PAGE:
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May 11, 2006

Don't Let Blair Off the Hook


by Brendan O'Neill

It has become fashionable, everywhere from newspaper offices to the pop charts, to argue that British Prime Minister Tony Blair is a poodle to President George W. Bush's rottweiler, a lapdog who pretty much sits, rolls over, and fetches as his master in Washington demands.

In their new hit single "I'm With Stupid," the Pet Shop Boys, those graying survivors of '80s synth-pop, sing about the apparently slavish relationship between Blair and Bush. "See you on the TV / Call you every day / Fly across the ocean / Just to let you get your way," they warble, painting a picture of Blair as asskisser in chief to the commander in chief.

This follows on from George Michael's ill-advised venture into protest singing in 2003, with his song "Shoot the Dog." That was also a plea for Blair to stop sucking up to Bush. Michael implied that Blair was putting British citizens in danger of terrorist attack by meekly going along with Bush's wars in Afghanistan and Iraq. He sang: "I got the feeling that when it all goes off / They're gonna shoot the dog" – "they" being the "Mustaphas" and "Gaza Boys" in the apparently mad Middle East, and the dog being Blair's Britain.

Even those in the more rarefied world of politics and comment often exclusively attack Blair for his links with Bush. Charles Kennedy, former leader of Britain's opposition party the Liberal Democrats, once declared: "Tony Blair is no more than George Bush's poodle." As the BBC noted, this is a "jibe which falls readily to so many lips."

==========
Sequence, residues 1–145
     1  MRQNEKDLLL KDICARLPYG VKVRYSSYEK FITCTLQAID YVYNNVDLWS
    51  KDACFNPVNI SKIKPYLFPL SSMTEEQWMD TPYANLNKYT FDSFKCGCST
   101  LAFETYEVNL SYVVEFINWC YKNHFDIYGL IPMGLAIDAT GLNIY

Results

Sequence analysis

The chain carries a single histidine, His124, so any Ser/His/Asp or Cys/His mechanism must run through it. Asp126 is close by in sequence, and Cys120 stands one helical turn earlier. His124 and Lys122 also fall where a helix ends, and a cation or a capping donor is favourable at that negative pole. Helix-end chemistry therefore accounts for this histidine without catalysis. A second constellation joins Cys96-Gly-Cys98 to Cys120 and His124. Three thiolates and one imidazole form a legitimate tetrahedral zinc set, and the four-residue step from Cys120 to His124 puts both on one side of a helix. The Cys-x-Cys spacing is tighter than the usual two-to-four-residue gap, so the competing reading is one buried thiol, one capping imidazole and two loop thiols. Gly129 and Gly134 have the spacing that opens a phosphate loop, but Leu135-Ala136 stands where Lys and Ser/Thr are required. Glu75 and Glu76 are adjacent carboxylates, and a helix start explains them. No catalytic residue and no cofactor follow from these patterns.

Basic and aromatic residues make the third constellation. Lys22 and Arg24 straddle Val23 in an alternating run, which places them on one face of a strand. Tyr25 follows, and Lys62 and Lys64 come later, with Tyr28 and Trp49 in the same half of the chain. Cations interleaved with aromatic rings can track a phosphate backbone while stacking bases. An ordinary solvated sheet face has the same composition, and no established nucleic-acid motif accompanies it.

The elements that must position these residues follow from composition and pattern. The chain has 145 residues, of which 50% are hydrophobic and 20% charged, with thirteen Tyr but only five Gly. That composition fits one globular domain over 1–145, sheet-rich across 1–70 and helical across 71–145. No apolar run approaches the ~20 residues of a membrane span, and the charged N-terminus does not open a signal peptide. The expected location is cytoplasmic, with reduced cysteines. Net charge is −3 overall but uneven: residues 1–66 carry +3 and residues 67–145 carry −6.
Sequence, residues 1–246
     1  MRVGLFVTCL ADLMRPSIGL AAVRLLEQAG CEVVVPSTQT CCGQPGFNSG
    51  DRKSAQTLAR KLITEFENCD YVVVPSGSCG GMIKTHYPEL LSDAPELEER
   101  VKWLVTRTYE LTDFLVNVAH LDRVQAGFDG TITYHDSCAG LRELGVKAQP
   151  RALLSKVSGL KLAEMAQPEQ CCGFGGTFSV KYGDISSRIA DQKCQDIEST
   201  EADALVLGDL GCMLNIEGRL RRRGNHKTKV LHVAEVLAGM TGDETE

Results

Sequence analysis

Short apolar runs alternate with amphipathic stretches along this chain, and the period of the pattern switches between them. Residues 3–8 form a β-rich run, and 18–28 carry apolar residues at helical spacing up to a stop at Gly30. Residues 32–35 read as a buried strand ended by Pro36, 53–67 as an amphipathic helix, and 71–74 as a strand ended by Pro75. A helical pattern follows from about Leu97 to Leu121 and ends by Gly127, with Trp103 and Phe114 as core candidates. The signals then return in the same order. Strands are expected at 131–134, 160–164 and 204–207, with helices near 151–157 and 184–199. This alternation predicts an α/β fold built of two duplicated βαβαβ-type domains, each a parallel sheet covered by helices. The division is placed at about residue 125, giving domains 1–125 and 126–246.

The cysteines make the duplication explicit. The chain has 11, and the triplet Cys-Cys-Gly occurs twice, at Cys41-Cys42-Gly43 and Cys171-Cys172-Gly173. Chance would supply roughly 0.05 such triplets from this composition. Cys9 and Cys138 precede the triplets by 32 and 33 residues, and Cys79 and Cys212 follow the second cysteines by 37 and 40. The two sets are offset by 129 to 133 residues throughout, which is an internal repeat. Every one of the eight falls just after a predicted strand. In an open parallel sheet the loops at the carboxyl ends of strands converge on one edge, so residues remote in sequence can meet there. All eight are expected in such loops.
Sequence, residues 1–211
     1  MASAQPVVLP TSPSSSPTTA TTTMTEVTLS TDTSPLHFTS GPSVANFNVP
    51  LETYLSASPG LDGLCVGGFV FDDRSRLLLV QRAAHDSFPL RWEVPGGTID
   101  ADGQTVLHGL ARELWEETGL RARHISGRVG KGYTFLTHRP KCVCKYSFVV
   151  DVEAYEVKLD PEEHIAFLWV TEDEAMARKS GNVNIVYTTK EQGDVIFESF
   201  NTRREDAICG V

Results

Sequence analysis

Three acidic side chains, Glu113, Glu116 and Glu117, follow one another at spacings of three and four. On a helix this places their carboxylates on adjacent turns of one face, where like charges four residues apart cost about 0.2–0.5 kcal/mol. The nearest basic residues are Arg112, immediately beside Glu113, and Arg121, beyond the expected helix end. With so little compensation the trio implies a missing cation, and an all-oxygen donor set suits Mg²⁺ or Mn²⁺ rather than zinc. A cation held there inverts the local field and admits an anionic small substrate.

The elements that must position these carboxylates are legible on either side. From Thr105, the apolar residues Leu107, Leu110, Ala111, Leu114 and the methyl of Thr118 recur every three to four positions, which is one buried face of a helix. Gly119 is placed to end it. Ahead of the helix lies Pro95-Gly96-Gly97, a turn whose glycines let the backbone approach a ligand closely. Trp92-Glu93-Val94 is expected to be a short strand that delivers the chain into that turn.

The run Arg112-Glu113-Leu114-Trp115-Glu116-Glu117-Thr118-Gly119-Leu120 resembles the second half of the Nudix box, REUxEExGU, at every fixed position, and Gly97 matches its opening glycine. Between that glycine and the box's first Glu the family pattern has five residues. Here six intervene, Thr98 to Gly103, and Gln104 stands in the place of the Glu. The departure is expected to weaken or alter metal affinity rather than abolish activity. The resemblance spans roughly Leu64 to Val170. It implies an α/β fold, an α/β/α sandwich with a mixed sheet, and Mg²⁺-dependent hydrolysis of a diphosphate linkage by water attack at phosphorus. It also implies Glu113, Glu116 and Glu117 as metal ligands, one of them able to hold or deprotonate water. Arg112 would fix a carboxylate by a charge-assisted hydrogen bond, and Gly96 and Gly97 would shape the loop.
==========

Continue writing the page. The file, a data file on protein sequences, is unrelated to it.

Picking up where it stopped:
American critics of the recent wars in the Middle East also tend to describe Blair either as a wide-eyed and naïve follower of Bush or as a dupe to the president's plans. Michael Moore has said: "I personally hold Tony Blair more responsible for this war in Iraq than I do George W. Bush … and the reason is Blair knows better. Blair is not an idiot. What is he doing hanging around this guy?" Here, Blair is cast as a potential voice of reason in international affairs, someone who might calm crazy Bush and halt his plot for world domination.

These may seem like radical critiques, but in fact they are the opposite. First, they present the "special relationship" between Britain and America as the result of some kind of personal or psychological failing on the part of an easily led prime minister, when in fact it has been forged by massive political and global shifts over the past 50 years.

Second, and most worryingly for those of us of an antiwar persuasion, these criticisms let Blair off the hook. He is presented at best as a dithering follower of Bush and at worst as someone who jealously desires some of Bush's power. In truth, Blair has been at the forefront of redefining and rejuvenating Western military intervention for a new age, and thus bears great responsibility for the various bloody and disastrous wars pursued over the past nine years. It is Blair who moralized international affairs and undermined international law, which has allowed Bush to intervene in various hot spots pretty much as he sees fit. To call Blair a poodle is to absolve him of responsibility for what he has done.

Of course, it is true that in international affairs Britain is largely subservient to America. It is also the case that various prime ministers before Blair had special (i.e., brown-nosing) relationships with American presidents. This has been the case for 50 years or more, following the end of the Second World War and the shifting balance of forces in the global arena.